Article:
Luckily, it’s easy to check the status of your reputation on Google constantly with the search engine’s helpful service Google Alerts.

How Much Positive Information You Should Hope For

Even if there isn’t any negative information about you or your practice available on the internet, is the web doing all the work it could be doing for your practice? If there isn’t a large amount of positive information out there, the answer is no.

Why do you need to worry about how much positive information on your practice exists? There are several good reasons:

  1. Negative information is going to crop up eventually. No one lasts long in the medical industry – or any other field, for that matter – without getting at least one negative review. Being proactive about generating positive content can offset the effects of future negative content.
  2. Good information on you or your practice existing online can work like free advertising. All those same people that you worry about being scared off by bad information could be brought in by good information.

There are several ways to create more positive content for your practice detailed in the next section, “How to Fix Your Online Medical Reputation.” It may be worth looking over even if your reputation is already spotless!

Is There a Way to Run Deeper Online Searches?

The answer to this question is complicated. For now, I’ll say yes and no.

There is no secret “deep search” feature hidden somewhere on the internet. A lot of less ethical online firms, including some in our own industry, like to say something like this exists in their advertising. It’s nothing more than a sales tactic.

However, there is a way to search more deeply than you already have. The way to go deeper on the internet is to go wider.

In addition to Google, the other major search engines, and Yelp, you should be checking less obvious places. These include social media sites (Facebook, Twitter, and the like), as well as consumer reporting sites. Look through legal documents posted online, through licensing board records, and at minor review sites that haven’t achieved the status of Yelp.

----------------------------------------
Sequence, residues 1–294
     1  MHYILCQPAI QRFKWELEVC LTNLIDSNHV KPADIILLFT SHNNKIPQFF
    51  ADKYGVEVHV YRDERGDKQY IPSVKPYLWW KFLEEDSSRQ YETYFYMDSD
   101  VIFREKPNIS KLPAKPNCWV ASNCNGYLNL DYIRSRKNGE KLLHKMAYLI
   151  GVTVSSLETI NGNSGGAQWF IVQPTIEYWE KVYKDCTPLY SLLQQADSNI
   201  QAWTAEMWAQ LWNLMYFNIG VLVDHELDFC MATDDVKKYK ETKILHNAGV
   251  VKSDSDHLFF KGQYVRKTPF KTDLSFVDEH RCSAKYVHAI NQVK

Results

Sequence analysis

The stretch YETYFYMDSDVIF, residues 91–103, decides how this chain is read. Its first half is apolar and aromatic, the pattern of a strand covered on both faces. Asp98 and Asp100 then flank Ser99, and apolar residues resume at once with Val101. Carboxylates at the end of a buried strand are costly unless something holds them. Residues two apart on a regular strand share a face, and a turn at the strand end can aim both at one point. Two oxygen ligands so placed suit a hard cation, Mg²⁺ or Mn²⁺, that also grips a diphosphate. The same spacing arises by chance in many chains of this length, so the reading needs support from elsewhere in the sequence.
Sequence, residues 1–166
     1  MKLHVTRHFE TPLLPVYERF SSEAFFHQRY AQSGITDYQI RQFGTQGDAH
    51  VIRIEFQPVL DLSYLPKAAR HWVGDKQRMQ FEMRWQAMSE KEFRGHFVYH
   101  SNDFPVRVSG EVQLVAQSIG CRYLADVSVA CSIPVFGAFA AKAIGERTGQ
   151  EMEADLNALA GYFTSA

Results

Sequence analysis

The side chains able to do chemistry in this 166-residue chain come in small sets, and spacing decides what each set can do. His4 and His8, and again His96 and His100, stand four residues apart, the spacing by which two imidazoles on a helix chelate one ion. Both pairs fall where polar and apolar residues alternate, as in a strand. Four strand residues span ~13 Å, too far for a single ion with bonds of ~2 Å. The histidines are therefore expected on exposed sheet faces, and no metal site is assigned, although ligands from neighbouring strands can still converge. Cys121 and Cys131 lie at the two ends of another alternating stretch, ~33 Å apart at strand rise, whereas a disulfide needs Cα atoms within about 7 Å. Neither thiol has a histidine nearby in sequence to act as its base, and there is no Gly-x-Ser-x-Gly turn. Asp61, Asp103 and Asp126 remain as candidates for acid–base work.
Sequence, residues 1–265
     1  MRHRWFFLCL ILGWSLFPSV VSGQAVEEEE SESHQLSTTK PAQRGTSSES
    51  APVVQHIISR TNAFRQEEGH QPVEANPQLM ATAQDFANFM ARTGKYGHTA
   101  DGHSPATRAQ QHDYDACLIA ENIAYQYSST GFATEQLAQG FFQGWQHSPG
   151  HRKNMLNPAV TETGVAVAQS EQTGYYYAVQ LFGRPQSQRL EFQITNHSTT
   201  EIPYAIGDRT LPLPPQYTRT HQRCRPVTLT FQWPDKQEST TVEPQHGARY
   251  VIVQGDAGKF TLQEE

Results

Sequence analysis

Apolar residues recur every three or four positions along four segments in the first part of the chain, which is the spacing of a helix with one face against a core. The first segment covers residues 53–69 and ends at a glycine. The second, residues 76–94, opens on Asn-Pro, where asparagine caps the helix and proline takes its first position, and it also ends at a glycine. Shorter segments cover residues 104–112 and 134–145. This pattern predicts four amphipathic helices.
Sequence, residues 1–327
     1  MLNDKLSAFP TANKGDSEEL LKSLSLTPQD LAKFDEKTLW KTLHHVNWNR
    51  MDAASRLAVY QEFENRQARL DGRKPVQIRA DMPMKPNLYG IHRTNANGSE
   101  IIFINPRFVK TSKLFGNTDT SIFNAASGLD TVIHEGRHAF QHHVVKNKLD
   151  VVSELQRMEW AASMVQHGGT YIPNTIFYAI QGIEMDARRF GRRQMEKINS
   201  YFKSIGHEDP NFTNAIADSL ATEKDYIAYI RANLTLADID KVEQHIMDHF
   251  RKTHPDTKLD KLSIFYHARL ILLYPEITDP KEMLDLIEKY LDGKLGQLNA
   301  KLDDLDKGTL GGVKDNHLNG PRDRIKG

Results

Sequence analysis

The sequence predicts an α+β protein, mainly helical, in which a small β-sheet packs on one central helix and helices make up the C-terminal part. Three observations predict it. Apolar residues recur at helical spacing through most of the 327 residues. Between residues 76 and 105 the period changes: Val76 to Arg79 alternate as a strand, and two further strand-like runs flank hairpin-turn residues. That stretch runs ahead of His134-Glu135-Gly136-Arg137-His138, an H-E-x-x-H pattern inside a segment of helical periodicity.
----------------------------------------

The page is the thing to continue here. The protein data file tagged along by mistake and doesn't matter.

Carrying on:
Google and the other major search engines are the main factors determining your online reputation. However, things go much deeper than that. Different internet users trust and find different sources.

Some may almost exclusively use Facebook for news and reviews. Others don’t trust Yelp for whatever reason and use alternatives. The savviest internet users will look at more complex documents like public records to determine whether or not to get treatment at your practice.

Because all of these internet users are potential patients, you want to be sure you have all your bases covered. That does involve putting some work in now, but it could make a huge difference to your practice later on.

How to Fix Your Online Medical Reputation

There’s a lot of work involved with creating and keeping a spotless reputation in the internet age. However, with the right amounts of time, knowledge, and hard work, anyone can do this for themselves. Although Google and the other search engines have created this unique 21st-century problem for doctors and other professionals, the search engines also offer the best means to solve it.

The key principles of reputation management for doctors are very simple, even if the practice itself is complex. Here they are:

  • Negative information affects your practice because it appears on the first page of Google. According to Search Engine Journal, a whopping 75% of search engine users never get past the first page.
  • Pushing the negative information off of the first page of Google, then, would provide an instant boost for your business.
  • The only way to push negative content down is to create positive or neutral content that ranks higher in Google and other search engine results.
  • The art and science of making web content more attractive to search engine algorithms are called SEO, an abbreviation for Search Engine Optimization.

All of the top companies in the world use SEO to a certain extent. Some have internal SEO departments or rely on marketing and PR employees to do SEO. Others hire out. In fact, there is a huge SEO industry serving both small businesses and the corporate world. One subset of that industry is professional reputation management.

 

Reputation Management for Doctors Tip No. 1 – Creating Positive Information

The first and most important thing you can do to start better managing your medical reputation, then, is creating positive information.

Negative content about you won’t simply disappear on its own. Something has to take its place. Furthermore, having more positive content related to you and your practice available on the internet can only be good for your business.